Swet Shop Boys
It is officially time to start wetting our pants – Donald Trump will be the President of the United States in mere months. The thought of that orange faced, mentally ill galoot running the most powerful country in the world is reason enough to be nervous, but his hateful rhetoric of bigotry and oppression has been even more appalling. Expressing this panic and anxiety as a white man feels a bit like empty venting in comparison to those who actually have something to fear in the Trump dictatorship.
Enemy #1 seems to be anyone of Muslim descent. Threats of a Muslim registry and even internment camps have already been floated by the Trump camp, and one can’t help but feel helpless to a Republican majority that might just appease the mad man’s wishes. Swet Shop Boys, a hip-hop duo comprised of Heems and Riz MC (both of Muslim descent), might just be the soundtrack of angst and hope that we have all been looking for in these trying times.
Heems, formerly of Das Racist, teamed up with actor and MC, Riz Ahmed (“The Night Of” and “Star Wars: Rogue One”) to create Cashmere, an album with an even measured dose of angst and hilarity. There’s a lot of reason for an angry album from the subjugated pair, but instead of playing into the angry Muslim stereotype, the goofballs playfully mock the absurdity of the threats being waged on their people. Album opener “T5” starts with Heem’s mischievously subdued voice: “Inshallah, mashallah/ Hopefully no martial law.” The song continues with lyrics of “TSA always trying to burst my bubble” and the outro of “Terminal 5, Terminal 1/ Think we’re termites,/wanna terminate us.”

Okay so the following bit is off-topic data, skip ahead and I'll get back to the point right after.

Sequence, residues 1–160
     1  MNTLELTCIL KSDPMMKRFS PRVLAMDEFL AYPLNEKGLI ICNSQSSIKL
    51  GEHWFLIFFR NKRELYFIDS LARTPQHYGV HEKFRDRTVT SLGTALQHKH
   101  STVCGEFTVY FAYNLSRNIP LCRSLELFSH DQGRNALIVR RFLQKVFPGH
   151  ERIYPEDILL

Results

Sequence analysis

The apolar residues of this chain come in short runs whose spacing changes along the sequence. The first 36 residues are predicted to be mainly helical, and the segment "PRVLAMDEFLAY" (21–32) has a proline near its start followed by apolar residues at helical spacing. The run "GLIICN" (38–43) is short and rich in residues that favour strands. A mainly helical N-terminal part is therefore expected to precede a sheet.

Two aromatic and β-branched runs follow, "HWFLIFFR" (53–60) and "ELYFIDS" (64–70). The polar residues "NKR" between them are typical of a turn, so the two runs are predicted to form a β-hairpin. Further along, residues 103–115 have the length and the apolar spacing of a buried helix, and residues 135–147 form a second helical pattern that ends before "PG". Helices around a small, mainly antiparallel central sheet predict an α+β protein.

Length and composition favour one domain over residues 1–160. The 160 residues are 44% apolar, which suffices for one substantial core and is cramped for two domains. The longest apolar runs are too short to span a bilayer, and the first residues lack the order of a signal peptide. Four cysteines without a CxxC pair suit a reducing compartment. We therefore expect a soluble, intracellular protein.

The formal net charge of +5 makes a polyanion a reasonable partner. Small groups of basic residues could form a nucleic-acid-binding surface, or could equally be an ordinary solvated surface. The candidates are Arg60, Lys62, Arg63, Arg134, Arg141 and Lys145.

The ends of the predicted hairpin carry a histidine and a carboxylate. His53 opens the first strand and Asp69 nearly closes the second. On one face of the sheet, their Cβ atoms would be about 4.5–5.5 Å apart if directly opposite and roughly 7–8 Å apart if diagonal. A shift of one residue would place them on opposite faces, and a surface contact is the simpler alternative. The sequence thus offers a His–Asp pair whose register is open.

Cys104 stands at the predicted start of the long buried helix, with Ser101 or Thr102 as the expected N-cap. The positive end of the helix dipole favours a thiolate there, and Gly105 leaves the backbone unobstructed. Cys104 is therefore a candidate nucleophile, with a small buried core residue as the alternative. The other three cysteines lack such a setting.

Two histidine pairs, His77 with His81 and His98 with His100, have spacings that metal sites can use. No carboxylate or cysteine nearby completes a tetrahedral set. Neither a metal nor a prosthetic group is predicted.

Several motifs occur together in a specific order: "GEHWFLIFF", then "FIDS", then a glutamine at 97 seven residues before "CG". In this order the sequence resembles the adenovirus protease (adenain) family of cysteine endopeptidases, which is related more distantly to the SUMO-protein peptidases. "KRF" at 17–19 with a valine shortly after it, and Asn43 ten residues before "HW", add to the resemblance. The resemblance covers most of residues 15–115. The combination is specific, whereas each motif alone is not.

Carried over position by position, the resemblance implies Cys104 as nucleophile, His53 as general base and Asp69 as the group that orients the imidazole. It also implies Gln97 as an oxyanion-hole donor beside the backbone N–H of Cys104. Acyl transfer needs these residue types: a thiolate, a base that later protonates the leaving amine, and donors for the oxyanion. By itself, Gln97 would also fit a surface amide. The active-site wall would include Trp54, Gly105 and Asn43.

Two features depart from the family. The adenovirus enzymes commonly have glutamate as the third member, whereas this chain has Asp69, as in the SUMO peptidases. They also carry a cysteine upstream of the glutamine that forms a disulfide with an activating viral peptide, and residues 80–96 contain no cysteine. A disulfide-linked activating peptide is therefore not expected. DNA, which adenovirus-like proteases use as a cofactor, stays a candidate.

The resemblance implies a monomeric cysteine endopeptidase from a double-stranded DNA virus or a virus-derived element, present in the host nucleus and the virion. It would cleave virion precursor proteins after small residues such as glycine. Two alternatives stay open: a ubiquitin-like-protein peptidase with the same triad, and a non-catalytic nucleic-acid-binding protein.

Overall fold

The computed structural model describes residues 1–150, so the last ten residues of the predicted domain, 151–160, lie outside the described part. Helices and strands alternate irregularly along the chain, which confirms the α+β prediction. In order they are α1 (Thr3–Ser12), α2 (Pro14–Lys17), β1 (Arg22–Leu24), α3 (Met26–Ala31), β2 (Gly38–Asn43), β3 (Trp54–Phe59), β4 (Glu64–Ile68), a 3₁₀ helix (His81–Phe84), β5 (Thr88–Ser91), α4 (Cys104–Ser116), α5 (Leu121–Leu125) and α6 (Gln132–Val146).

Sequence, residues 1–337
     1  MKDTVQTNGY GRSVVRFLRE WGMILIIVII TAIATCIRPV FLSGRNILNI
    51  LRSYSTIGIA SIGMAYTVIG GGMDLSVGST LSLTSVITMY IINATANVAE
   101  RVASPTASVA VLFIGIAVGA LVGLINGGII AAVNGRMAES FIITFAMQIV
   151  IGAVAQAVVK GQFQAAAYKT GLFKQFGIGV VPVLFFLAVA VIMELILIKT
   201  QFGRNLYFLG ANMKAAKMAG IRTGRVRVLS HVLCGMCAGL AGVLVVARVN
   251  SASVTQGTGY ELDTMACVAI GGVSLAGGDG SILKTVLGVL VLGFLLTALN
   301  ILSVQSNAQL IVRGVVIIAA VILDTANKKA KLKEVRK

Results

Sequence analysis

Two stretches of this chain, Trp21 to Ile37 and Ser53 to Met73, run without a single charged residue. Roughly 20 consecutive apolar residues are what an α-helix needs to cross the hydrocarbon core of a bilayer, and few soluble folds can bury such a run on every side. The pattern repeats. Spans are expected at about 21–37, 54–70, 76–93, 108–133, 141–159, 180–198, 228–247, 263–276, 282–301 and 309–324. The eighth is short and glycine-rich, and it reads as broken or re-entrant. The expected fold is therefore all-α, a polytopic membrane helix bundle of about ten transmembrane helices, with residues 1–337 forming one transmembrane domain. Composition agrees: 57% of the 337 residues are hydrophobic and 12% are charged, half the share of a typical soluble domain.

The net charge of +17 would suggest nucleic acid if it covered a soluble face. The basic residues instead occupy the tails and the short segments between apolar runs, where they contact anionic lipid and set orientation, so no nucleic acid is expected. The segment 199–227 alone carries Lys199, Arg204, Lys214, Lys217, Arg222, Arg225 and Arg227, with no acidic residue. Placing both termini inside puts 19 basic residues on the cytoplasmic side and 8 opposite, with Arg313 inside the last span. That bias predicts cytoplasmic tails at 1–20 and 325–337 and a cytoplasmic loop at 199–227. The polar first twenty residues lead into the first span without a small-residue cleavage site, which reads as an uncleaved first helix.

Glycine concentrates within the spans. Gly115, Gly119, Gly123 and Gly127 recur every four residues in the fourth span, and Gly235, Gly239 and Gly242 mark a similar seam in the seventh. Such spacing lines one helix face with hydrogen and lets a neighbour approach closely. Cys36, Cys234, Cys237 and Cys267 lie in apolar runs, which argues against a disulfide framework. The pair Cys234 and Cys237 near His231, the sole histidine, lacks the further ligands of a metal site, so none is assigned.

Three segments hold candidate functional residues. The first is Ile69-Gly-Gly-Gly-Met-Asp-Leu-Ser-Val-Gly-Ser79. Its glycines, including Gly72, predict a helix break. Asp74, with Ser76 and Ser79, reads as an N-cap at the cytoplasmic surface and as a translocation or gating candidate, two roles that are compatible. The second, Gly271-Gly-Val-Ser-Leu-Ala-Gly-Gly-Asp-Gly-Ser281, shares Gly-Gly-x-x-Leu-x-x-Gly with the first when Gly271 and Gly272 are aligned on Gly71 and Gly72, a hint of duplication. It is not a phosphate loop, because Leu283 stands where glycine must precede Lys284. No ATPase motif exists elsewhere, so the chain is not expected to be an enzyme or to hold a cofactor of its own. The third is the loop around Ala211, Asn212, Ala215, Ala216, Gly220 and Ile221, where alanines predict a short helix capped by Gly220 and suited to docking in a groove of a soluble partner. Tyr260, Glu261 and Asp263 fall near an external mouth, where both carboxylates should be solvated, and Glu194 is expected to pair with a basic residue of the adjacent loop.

Other songs continue with this mocking tone toward intolerance, making it difficult to not laugh at the Swet Shop Boys’ ridiculous portrayal of a culture infected with an unreasonable fear of anyone different. Even when the lyrics delve into darker themes, the backing tracks are upbeat and lively enough to keep the listening experience light. Producer Redinho helps lift the mood with samples from South Asian and Eastern cultures, bringing worldly sounds to a genre that has become stagnant and uniform in 2016.
Cashmere was released a month before election night, but it feels like a direct response to threats waged on an entire group of people. Instead of responding to the imminent future of oppression with anger, Heems and Rez MC show us all how we should be dealing with our fear: with humor, intelligence, and a positive energy to fight for the rights of all our brothers and sisters.